From the above article on a Bronze Hornaday recipient:
Michael’s other notable Scouting achievements include Eagle Scout with 11 Eagle Palms, Varsity Scout Denali Medal, all four National Catholic Committee on Scouting (NCCS) Scout Religious Awards, all four God & Country Scout Awards, the BSA Triple Crown of high adventure (Philmont, Northern Tier and Florida Sea Base), the Congressional Gold Medal for Community Service, Brotherhood in the Order of the Arrow, and the National Youth Leadership Training (NYLT) veteran staff pin for five years of volunteer service.
There seems to be widespread negativity toward younger Eagles in general - not exclusively, but in general. When I read an article like the one above about a very high achieving Scout, it renews in my mind the question of who is really to be the judge of the worthiness of a Scout's achievements regarding the timeline they follow, as long as the requirements are achieved according to National's standards? It should be the Scout's decision alone. I would bet, and the math would indicate, he did not achieve all he has achieved in a Troop which emphasized "protecting" Eagle rank from the younger ones.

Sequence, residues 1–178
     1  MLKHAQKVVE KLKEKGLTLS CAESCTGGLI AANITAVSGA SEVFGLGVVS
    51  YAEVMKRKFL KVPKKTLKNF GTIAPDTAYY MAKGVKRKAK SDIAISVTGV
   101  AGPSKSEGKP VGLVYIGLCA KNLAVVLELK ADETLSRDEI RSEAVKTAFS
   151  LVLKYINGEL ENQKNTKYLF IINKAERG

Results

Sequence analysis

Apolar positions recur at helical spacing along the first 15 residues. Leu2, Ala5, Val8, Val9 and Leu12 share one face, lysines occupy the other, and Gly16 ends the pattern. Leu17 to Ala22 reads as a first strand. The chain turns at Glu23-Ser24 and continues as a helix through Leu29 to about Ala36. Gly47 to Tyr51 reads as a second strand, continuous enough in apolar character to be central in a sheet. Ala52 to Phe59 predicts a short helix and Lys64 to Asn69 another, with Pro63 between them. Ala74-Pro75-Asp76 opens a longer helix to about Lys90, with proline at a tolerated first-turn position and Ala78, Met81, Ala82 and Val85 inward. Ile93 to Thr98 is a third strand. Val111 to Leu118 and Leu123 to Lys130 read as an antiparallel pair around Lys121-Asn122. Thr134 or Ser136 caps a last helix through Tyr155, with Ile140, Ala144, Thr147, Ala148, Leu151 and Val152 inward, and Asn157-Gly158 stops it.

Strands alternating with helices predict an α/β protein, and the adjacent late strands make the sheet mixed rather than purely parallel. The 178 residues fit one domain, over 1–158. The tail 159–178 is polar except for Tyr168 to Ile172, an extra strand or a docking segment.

The Scout in the article may not be typical, but there is so much more they can actively pursue after Eagle while remaining in Scouting - if we'd only let them. Most will aim for Eagle first, before ever contemplating other highly involved and very time consuming projects or awards. It dismays me greatly to see them Eagle sometime during 17, then generally disappear, because Eagle has been portrayed as the end of the road in many cases.
By continuing to push for later and later Eagles, it almost seems they are being robbed of later and equally valuable opportunities for achievement, continued personal growth, and leadership display, while the BSA movement is robbed of retaining valuable, active and enthusiastic Scouters to lead it into the next generation. It would be better to have young men stay active, to bridge from younger Eagle to adult Scouter without interruption, rather than to Eagle and disappear, only to think about possibly returning years later should they eventually have a son of their own. It also doesn't seem to respect what is valued by the Scout - what does HE want his Scouting experience to be vs. what do the adults want to impose on him, and how will they do that?
The way it is now, it seems the message to most Scouts is "Eagle and done". Especially for the fast runners, I think a more functional message would be more along the lines of "If you're hungry, go for it, because there's so much more to Scouting after Eagle, if you want it!"
What do you think?